Defense attorney Eric Nelson has made anger central to his argument for Chauvin’s acquittal. In his version of events, the anger of the growing crowd on the street that May afternoon distracted Chauvin from the man he had pinned under his knee. Floyd, who had been accused of circulating a counterfeit $20 bill, was in Chauvin’s custody, which meant that he was also in his care. But the crowd — that dangerous, unruly mob, according to Nelson — had distracted Chauvin so that he could not attend to Floyd’s well-being. He could only concern himself with his detainment.

To that end, according to several witnesses, including Williams, the White police officer adjusted his knee to apply more pressure, to ensure that Floyd’s Black body remained immobile — until his immobility turned into unconsciousness.

The defense’s narrative makes use of one of the culture’s most damaging and enduring stereotypes about Black men — and women, too. These people ooze anger, and Black anger is inherently menacing. It isn’t justified or understandable or controlled, even when it is all of those things. It most certainly is not righteous. And when it rises, it must be tamped down, defused and crushed.

Nelson, bespectacled and bearded, and with an affinity for florid neckwear, worked hard to have the jury see Williams as enraged — as a man who was yelling at Chauvin and threatening fellow officers. Nelson detailed the many expletives and insults that Williams directed at Chauvin. He portrayed Williams as a man who was advancing toward the police with his chest thrust forward and spoiling for a fight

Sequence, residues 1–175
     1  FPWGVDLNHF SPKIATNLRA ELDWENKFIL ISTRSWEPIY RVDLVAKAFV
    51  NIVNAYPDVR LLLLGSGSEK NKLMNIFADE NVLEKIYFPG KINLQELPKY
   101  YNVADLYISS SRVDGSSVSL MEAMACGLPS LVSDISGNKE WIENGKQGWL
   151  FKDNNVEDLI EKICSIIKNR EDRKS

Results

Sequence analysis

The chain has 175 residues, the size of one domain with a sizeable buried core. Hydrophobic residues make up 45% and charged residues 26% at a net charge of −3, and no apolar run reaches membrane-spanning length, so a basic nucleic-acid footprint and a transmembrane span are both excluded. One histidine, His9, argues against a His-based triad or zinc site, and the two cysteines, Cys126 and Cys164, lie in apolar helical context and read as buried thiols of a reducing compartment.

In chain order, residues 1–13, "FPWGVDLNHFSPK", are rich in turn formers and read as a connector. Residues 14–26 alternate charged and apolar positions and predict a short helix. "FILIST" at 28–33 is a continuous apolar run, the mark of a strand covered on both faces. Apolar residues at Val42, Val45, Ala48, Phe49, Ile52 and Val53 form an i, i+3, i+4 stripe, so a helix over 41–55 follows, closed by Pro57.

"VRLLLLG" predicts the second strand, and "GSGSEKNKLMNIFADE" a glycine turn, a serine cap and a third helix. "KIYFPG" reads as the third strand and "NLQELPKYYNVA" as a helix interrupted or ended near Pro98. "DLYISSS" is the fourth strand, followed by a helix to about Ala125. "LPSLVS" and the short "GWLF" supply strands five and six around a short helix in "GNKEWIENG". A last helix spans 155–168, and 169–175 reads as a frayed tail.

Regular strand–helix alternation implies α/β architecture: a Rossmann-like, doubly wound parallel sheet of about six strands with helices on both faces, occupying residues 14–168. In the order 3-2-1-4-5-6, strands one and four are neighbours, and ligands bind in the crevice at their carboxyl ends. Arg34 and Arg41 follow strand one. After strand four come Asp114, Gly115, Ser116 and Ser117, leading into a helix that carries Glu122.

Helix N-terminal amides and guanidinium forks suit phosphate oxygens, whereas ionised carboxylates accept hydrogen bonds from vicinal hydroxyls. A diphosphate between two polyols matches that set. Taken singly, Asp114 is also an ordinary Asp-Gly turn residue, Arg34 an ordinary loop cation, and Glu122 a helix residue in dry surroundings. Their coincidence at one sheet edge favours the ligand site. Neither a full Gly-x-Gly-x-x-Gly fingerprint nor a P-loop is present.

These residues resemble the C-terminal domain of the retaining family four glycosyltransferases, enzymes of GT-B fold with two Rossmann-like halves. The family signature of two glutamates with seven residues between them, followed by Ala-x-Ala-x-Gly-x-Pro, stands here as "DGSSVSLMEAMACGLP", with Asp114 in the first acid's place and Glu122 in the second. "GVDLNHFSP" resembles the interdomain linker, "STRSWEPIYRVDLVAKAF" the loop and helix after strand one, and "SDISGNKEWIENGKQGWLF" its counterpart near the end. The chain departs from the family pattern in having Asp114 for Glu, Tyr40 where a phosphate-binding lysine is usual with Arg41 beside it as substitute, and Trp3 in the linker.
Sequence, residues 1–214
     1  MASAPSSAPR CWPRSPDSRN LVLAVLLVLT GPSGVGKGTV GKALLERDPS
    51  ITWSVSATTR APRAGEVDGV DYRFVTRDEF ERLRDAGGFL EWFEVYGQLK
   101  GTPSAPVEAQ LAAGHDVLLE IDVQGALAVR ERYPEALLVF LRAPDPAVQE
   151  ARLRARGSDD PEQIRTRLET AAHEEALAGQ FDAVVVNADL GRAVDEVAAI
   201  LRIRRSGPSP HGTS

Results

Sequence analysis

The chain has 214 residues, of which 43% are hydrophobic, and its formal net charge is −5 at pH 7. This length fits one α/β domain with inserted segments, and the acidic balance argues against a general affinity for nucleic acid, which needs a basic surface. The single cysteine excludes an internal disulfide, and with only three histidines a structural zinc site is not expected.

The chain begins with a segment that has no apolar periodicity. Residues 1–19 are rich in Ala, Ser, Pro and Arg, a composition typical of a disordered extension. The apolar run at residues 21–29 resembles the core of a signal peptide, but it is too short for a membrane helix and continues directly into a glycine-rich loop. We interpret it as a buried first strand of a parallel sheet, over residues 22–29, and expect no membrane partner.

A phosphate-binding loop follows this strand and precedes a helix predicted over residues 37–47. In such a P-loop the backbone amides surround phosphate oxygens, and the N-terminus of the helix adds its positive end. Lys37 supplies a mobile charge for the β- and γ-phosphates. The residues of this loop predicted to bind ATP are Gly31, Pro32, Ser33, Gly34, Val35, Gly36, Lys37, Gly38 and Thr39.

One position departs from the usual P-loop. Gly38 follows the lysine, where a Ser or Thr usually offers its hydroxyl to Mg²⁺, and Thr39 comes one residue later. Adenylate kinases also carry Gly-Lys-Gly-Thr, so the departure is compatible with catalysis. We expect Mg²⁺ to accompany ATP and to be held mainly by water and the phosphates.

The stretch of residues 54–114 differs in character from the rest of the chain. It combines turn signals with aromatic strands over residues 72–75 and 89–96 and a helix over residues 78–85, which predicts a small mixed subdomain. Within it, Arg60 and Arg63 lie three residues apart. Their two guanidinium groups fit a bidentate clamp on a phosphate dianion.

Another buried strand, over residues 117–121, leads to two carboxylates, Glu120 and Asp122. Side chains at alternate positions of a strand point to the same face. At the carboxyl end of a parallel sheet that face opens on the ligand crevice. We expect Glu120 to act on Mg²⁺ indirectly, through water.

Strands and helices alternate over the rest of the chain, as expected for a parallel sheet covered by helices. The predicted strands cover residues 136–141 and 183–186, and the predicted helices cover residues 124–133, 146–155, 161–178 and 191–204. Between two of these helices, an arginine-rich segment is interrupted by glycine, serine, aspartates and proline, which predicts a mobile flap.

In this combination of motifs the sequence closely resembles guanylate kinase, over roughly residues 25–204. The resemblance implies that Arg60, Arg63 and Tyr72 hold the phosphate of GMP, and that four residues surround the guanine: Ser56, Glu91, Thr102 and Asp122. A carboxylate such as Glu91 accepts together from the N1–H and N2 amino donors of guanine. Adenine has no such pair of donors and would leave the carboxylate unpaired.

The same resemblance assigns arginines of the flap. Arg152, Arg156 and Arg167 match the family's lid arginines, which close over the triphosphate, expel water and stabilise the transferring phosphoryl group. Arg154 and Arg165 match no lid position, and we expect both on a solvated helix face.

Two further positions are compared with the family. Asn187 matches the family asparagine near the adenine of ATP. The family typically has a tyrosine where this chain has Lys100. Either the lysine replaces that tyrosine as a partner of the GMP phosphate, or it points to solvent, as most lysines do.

“It’s fair to say you grew angrier and angrier?” Nelson asked.

“I grew professional and professional. I stayed in my body,” Williams replied. “You can’t paint me out to be angry.”

Williams said he was speaking loudly so that he could be heard, so that he wouldn’t be ignored. He was imploring Chauvin to relent. He was calling Chauvin a bum and lacing his speech with expletives because the situation was too dire for polite conversation. Derek Chauvin’s defense team said on March 30 that Donald Williams, a witness, grew so angry at police that he wanted to fight them.

What Williams saw was, on its face, enraging. He had happened upon the sight of Floyd facedown on the ground with Chauvin on top of him for more than nine minutes. He heard Floyd cry for help and cry out for air. A young bystander saw him turn “purple” and described him as looking “really limp.” Kids saw this horror. Children. The gathered crowd all watched as their pleas to render aid to Floyd went ignored.

Anger is surely the natural human reaction, along with alarm and concern, but Nelson has characterized that as a wholly unnatural response to Floyd’s dire circumstances, as if he was not worthy of any of those emotions. Should the crowd simply have stood silent?

History would probably have excused their anger. So many other people of color — unarmed and stopped for minor offenses or for nothing at all — have died during encounters with police officers. They have been deprived of air, riddled with bullets; they’ve been killed without consequences because their death was deemed reasonable. When does fury become moral and decent if not in the face of all that?

Williams seemed to understand the perilousness of leading with anger. He refused to let it be his abiding message on Tuesday afternoon in a Minneapolis courtroom as Nelson tested him. No, his words weren’t getting angrier that awful day in May, he said, “they grew more and more pleading — for life.”